Introduction: Current Sensing Circuit
In this simple tutorial, I am going to explain how to measure a current in your circuit. ALL that is here and more you can watch it on my channel VEGEtek on youtube (episode 003).
Teachers! Did you use this instructable in your classroom?
Add a Teacher Note to share how you incorporated it into your lesson.
Step 1: Ways to Measure Current
Ways to measure current:
1- Indirect method: such as current transformers (in the figure) and Hall effect sensors, which relies on Faraday's law of induction to sense current in a circuit and convert it to a proportional voltage.
These methods are suitable more for high current systems.
2- Direct method: which relies on Ohm’s law which states that V = I x R.
This method is suitable for low currents and widely used in electronics devices.
Step 2: Measuring Current by Multimeter
Measuring current using a
1- cut the circuit.
2- use the “current” multimeter input jack, not the voltage one.
3- put the probes as the figure to close the circuit.
Step 3: High-side and Low-side Sensing
High-side and low-side sensing
Direct sensing has 2 methods: High-side and low-side sensing. It depends on the position of the shunt resistor with respect to the load.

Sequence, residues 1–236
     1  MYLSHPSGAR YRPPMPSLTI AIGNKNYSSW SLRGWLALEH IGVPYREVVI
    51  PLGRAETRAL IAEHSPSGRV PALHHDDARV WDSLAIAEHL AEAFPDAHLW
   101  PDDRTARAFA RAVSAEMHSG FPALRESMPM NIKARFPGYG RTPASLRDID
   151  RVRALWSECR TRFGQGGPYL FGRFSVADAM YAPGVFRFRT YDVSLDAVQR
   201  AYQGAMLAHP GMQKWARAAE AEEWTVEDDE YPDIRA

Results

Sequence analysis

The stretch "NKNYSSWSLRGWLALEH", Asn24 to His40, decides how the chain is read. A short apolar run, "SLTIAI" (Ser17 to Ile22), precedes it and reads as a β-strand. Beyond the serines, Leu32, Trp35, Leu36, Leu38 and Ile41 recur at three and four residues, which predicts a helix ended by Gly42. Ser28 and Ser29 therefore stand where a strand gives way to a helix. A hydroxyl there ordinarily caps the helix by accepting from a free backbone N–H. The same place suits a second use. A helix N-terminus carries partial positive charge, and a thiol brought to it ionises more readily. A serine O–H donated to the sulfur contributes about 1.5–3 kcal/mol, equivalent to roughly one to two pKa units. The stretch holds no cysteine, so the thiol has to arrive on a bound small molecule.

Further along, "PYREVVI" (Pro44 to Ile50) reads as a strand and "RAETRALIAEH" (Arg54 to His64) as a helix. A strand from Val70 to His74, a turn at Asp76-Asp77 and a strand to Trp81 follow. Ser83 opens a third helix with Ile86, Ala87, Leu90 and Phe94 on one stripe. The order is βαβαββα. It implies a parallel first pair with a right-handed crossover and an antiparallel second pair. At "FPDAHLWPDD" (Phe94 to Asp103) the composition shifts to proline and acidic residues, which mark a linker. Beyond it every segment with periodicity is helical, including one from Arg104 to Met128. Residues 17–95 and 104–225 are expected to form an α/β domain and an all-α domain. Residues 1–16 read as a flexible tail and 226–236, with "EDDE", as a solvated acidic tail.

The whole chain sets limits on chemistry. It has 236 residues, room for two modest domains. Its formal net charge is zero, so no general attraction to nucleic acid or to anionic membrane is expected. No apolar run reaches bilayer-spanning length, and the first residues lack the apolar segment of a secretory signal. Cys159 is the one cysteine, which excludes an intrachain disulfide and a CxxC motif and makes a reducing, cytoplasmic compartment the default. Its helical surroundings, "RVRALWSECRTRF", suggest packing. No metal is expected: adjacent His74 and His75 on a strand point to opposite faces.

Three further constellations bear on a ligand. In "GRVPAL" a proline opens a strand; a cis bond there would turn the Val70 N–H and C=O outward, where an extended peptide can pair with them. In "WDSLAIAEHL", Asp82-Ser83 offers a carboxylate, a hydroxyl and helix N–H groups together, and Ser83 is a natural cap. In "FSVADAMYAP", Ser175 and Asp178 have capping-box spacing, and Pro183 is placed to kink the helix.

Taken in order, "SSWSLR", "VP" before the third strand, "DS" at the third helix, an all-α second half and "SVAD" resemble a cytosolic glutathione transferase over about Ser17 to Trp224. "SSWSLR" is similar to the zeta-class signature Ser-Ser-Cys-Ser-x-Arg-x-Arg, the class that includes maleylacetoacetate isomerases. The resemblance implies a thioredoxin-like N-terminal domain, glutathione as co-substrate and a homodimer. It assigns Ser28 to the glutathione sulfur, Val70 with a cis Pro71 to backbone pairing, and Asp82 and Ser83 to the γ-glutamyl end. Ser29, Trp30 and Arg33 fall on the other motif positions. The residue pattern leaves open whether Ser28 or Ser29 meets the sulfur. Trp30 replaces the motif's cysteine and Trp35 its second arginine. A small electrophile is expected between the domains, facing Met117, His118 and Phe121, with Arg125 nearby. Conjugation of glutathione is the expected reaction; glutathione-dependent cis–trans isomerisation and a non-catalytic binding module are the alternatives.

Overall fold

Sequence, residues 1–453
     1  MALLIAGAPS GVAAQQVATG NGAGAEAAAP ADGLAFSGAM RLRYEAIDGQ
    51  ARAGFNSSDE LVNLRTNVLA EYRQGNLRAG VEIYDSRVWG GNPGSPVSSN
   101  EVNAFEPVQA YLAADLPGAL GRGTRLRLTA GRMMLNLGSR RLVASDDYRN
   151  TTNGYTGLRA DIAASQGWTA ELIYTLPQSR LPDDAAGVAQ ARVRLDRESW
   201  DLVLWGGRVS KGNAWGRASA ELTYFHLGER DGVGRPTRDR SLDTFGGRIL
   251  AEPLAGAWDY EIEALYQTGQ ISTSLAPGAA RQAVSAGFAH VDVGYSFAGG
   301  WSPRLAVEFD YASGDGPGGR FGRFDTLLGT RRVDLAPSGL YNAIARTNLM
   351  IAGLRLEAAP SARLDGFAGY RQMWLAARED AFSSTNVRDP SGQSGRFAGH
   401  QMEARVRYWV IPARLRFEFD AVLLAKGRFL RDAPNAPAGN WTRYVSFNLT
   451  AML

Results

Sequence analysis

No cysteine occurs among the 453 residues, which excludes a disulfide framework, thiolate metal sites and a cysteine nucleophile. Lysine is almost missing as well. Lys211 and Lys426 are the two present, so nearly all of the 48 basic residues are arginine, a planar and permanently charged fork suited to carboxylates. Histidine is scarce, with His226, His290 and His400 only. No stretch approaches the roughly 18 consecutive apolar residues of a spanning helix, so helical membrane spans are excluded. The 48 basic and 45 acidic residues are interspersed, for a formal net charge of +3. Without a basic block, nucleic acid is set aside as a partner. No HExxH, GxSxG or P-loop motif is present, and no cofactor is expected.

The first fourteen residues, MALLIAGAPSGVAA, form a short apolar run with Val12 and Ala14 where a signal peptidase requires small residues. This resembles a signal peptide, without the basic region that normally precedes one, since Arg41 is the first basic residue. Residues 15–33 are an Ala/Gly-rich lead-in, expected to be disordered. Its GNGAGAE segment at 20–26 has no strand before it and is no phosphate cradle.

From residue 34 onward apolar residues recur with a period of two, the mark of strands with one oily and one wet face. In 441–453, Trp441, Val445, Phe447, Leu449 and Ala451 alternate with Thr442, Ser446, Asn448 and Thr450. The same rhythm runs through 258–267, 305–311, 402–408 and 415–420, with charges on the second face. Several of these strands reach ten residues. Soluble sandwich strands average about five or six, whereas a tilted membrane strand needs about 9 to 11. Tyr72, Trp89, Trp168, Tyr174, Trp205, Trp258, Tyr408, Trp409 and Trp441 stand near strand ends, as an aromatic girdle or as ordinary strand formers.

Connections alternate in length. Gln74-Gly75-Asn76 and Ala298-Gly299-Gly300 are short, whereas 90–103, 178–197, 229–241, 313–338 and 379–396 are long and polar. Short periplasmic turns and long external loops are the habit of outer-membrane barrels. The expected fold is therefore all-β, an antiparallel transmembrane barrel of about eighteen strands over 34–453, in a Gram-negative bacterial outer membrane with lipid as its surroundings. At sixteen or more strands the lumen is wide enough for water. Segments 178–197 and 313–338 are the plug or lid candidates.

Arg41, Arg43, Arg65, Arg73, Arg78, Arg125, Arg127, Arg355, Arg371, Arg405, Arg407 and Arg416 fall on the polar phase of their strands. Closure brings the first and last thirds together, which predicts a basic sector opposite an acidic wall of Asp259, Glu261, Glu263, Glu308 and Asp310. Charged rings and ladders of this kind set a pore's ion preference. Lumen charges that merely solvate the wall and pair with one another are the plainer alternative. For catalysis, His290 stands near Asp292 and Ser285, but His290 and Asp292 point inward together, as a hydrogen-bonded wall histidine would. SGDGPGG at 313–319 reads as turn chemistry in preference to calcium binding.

This op-amp configuration is called “differential amplifier” which it amplifies the voltage difference between its inputs.
Step 4: Differential Amplifier
The op-amp will amplify the voltage difference between its two inputs according to this equation (also in the figure):
V_output = R3/R1 (V2-V1)
If all 4 resistors where the same value
(like 10k) this will be a unity gain differential amplifier which the output voltage is: [ V_out = V2 – V1 ] since R3/R1 = 1/1 = 1. This will give the voltage difference directly as it is.
However, it is common to have a gain of 10 or so in such practical circuits because the voltage difference may be so small, for example:
If shunt resistor is 0.1 Ohms (very common) and the current is 1A, this will result in 1 x 0.1 = 0.1v across shunt resistor, this will mean 0.1v output of the differential amplifier when unity gain is used, so it is 0.1v per 1 A. While using a gain of 10 will mean 1v per 1A which is a lot easy and practical.
Step 5: Video Tutorial With Example
This is the video tutorial that I made:
Please view the video and go apply what I explained in it. I also attached the slides for those who want them!
Please like, share, and subscribe to my channel: https://www.youtube.com/channel/UCXodUSRG2__hTpW4...